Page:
In contrast to micro-CT and PET, micro-MRI utilises a magnetic field to generate images of the subject based on the varying resonance of different tissue types [9]. Therefore, micro-MRI enables repeated scans on the same animal as it does not expose them to ionising radiation. Similar to CT, micro- MRI has a high spatial resolution and has wide applications of use including functional, anatomical and molecular imaging [10]. The advantage of micro-MRI is that it provides excellent soft tissue resolution between 100-200 µm [11] and even up to 50 µm [12] in high strength magnetic fields, allowing imaging of tumour growth and development.  Another strength of MRI is its sensitivity to biological processes including perfusion and flow, enabling imaging of tumour vasculature. Further, the use of dynamic contrast enhanced (DCE) MRI can be used to image markers of angiogenesis [13] The imaging of angiogenesis is an important area of cancer research as it provides insight into the microenvironment required for metastasis and aids the development of anti-angiogenic drugs [14,15]. However, the drawback of both CT and MRI is that they lack molecular specificity in contrast to PET which provides excellent specificity in tumour imaging [16].

PET uses systemically administered radiolabelled tracers such as 18F-FDG (fludeoxyglucose) to image biological processes and is a key clinical tool for the staging and assessment of tumour response to treatment. [17]. Previously, PET was limited to image larger animal models [18] but with improvements in technology and imaging quality, it is increasingly being used on smaller animals. The strengths of PET include the almost unlimited depth of imaging and excellent molecular sensitivity [16]. Typical tracer doses are between 0.5 to 2 mCi range [19] for rat studies however are limited by the mass and volume of tracer as well as the count rate ability of the scanner rather than the dose of radiation [20]. A further advantage of PET is that each animal can act as their own control which reduces variability in therapeutic trials [19].

However, one limitation of micro-PET is its lower spatial resolution, due to the difficulties involved in adapting human resolution ~10 mm to <1mm in animal models [21]. Due to these disadvantages, there is increasing emphasis on multimodal imaging such as micro-CT/MRI although this impractical for many laboratories due to cost and need for specialist equipment. However, newer generation PET scanners are in development with higher resolution of around 1 μl [11]. Further advances are expected in this field with refinement of the technology, to improve imaging of tumour cell response to therapeutic agents.

Optical imaging

Optical imaging technologies have evolved due to improvements in light penetration in tissues, to become important tools as they provide qualitative information in whole animal imaging of cancer biology. Optical imaging can be divided into bioluminescence and fluorescence. Optical imaging is based on the interaction of photons with tissue components and this interaction is characterized by three main criteria; light absorption, light scattering, and fluorescent emission [22].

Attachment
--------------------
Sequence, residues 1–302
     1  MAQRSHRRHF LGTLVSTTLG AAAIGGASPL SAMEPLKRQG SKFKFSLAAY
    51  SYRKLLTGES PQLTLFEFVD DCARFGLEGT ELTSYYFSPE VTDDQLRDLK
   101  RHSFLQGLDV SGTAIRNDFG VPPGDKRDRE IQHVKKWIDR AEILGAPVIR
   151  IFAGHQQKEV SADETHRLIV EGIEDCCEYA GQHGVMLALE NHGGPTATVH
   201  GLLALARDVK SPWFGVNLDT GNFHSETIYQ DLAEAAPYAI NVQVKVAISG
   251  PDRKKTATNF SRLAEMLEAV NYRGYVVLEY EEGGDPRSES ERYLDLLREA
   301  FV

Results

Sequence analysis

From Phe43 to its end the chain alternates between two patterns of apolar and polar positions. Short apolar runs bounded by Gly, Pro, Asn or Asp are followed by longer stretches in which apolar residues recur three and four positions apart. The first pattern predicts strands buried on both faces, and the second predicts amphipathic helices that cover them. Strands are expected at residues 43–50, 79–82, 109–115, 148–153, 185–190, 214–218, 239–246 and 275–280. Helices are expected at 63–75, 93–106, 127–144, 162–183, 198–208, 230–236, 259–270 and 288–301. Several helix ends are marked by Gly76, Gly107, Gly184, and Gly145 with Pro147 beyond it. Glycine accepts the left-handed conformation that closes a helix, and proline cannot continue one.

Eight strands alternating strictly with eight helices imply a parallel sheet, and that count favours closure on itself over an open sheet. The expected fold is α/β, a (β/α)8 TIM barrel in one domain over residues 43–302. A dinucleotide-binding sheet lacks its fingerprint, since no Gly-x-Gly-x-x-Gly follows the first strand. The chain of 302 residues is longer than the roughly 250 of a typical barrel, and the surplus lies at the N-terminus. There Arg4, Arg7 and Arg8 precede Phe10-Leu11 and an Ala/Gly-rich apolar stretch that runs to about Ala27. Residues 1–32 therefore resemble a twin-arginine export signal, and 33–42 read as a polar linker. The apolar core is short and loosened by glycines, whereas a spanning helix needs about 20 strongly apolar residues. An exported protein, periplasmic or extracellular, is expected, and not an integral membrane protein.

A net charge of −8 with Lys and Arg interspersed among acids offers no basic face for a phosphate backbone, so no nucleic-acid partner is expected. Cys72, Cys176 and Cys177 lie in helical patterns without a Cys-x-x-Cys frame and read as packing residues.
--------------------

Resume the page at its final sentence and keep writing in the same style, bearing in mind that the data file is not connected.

Bioluminescence is a non-invasive method of monitoring of tumour growth in animal models. It involves using an exogenously administered substrate such as luciferase or a Renilla-based reporter to produce a light signal which is collected by a charge coupled device (CCD) camera [23]. One of the advantages of bioluminescence in animal studies is that there is very little background noise [24].

Similarly, fluorescence is an inexpensive and efficient method of optical imaging. This technique applies one wavelength of light to illuminate the sample, resulting in a shifted wavelength that is collected by a CCD camera [23]. This enables fluorescently labelled cancer cells to be tracked longitudinally allowing for the study of cell migration and metastasis [25]. However disadvantages exist, including the requirement of restraining and anaesthetising the animal as well as the injection of luciferin substrate.

Optical imaging is efficient and relatively cost-effective in comparison to other modalities however, it does suffer from weaknesses such as inferior spatial resolution, which limits its usage to molecular purposes and not anatomical imaging. Near infrared fluorescence imaging is being developed in order to overcome these limitations by focusing on the detection of exogenously administered contrast agents that emit fluorescence between 700-900 nm [26]. Recent animal studies have shown promising uses of near-infrared fluorescence imaging for the demarcation of subcutaneous and orthotopic xenograph tumours during surgery [27-29]. Resection of the tumours was carried out under guidance of near-infrared fluorescence imaging, enabling identification of any remaining cancerous cells in situ [30]. In addition, further studies have utilised optical imaging to detect cervical node metastases in orthotopic mouse models as all nodes that showed a fluorescent signal were found to be malignant metastases from squamous cell carcinoma [31,32]. Thus, near-infrared fluorescence imaging can be used to delineate tumour margins and any malignant cells remaining post resection, making it an invaluable tool for animal model imaging.